Silver Spring brewpub Denizens Brewing Company will blow the candles out on its first birthday cake this week with a whole series of celebratory events. The ambitious brewingng operation has produced a wide variety of brews in its first year while teaming up with the BBQ Bus in an innovative food-truck-and-brewpub model. This week, you can celebrate Denizens through a variety of events:

To get some perspective on how the first year went, we interviewed all four founders, director of marketing Taylor Barnes, Jeff Ramirez, director of brewing operations, Emily Bruno, director of operations, and Julie Verratti, director of business development, via email. What follows is a transcript that has been lightly edited for length and clarity.

DCBeer: You're one year in, how do you think it has gone? Has it been easier than expected? Harder? What do you think you've done well at? What are things you definitely think you need to improve on?

Taylor Barnes: It’s been a really solid first year, although, if we’re being honest, at times it felt like we were building the plane as we were flying it. We opened our two-level, 200 person indoor taproom, and 200 person outdoor beer garden in phases, which allowed us to expand in a manageable way. We have tried to be a true ‘third space’ to our Silver Spring community, and we are very humbled and grateful by the warm reception we’ve experienced in our taproom. People seem genuinely happy to have a brewery within blocks of where they live, which validates the decision we made to exchange higher rent for closer proximity to our customers. Some of us call Silver Spring home, and we feel at home in our brewery here.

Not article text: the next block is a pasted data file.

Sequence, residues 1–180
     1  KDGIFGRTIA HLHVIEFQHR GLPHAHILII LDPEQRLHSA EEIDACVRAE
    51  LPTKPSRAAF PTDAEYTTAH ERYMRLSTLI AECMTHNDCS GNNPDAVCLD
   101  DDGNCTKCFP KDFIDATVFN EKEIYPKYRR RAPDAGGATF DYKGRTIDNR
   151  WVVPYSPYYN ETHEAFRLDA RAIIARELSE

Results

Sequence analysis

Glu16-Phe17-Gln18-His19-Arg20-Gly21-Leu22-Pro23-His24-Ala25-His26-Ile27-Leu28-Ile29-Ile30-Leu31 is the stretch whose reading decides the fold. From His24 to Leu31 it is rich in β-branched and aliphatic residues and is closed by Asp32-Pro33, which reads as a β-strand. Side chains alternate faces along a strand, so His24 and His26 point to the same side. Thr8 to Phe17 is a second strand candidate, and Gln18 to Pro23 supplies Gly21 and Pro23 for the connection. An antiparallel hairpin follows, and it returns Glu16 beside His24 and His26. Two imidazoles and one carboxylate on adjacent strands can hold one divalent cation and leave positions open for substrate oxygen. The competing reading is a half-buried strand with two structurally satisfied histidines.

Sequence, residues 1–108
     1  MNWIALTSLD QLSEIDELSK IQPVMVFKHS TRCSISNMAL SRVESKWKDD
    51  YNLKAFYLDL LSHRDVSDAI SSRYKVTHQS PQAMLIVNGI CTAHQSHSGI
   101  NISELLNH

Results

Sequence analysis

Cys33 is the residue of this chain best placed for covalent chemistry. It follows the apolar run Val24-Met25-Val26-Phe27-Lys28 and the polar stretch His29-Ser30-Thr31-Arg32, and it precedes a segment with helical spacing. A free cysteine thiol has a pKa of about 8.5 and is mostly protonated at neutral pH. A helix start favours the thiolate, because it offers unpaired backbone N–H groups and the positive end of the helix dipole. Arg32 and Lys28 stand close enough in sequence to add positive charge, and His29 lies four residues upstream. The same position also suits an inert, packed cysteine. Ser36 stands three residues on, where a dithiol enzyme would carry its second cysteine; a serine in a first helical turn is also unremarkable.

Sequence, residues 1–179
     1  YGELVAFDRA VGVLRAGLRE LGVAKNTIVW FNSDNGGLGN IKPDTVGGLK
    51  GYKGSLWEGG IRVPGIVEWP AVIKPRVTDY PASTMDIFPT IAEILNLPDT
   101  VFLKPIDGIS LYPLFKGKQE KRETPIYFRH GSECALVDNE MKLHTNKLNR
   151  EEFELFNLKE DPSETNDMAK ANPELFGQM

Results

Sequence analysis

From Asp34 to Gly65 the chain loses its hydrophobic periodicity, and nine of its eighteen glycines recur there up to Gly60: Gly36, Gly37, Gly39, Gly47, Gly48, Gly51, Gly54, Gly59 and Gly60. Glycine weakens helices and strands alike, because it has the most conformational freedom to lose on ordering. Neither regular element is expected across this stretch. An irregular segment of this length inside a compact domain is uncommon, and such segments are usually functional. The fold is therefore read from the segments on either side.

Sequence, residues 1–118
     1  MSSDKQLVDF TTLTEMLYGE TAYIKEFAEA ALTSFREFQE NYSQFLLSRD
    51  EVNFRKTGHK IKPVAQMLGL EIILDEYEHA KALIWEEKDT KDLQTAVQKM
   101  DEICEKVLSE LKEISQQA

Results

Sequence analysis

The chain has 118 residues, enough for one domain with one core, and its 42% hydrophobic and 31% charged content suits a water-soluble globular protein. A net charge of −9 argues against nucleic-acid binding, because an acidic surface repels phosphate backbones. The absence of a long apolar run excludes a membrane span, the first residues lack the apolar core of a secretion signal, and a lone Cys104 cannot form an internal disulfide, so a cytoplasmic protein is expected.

In addition to running our taproom seven days a week, we launched our wholesale distribution in late fall of 2014. We are taking advantage of the self-distribution laws we changed, and we’ve been able to create very close relationships with some of the best bars and restaurants in DC and MoCo, with fantastic partners like the Black Restaurant Group, Meridian Pint, the Hamilton, and AFI.

As we expanded our wholesale business, the logistics of delivering to so many places has been interesting. Our little red pickup truck gets a lot of action between southeast DC and Olney, MD, and while we’ve done a good job managing it all, we’ve had our fair share of tickets, tuneups, and minor delivery mishaps. We’re learning and fine tuning as we go.

How have customers reacted to your wide-ranging portfolio? In what ways has their feedback shaped what gets brewed?

Our wide-ranging portfolio is not only fun and interesting for us, it has helped us reach new customers both at the taproom and in our wholesale business. In the taproom, we host a lot of large groups, so some people know their craft beer while others are totally new to it. Having non-hoppy options like the Third Party Tripel and sour and wild beers allows us to convert a lot of wine drinkers and broaden people's perceptions of what beer can be. In our wholesale business, we are always able to offer the latest seasonal option to bars that prefer to have a constantly rotating menu. We also always solicit feedback from our customers and plan to re-release many of our most popular seasonal offerings during the course of the next year.

Which other breweries do you take inspiration from in terms of marketing, brewery operations, tap room operations, etc., if any?

Avery Brewing Company in Boulder, Colorado is a role model for us as a brewery and brand. We love their beer and how they run their taproom, and we like how they’ve intentionally grown outside of Colorado. We also admire and seek to emulate their focus on quality, creativity, and uniqueness in their beer and brand. Jeff has worked at Iron Hill Brewery in the PA / NJ area and Mountain Sun in Boulder, so we take a lot of lessons from those two seasoned brewery groups. Finally, locally, we took a lot of inspiration from The Brewer’s Art in Baltimore – they are great people who make great beer, and they’ve got a taproom with several different seating areas similar to our concept.

What's one thing you wish you had known before you opened your doors?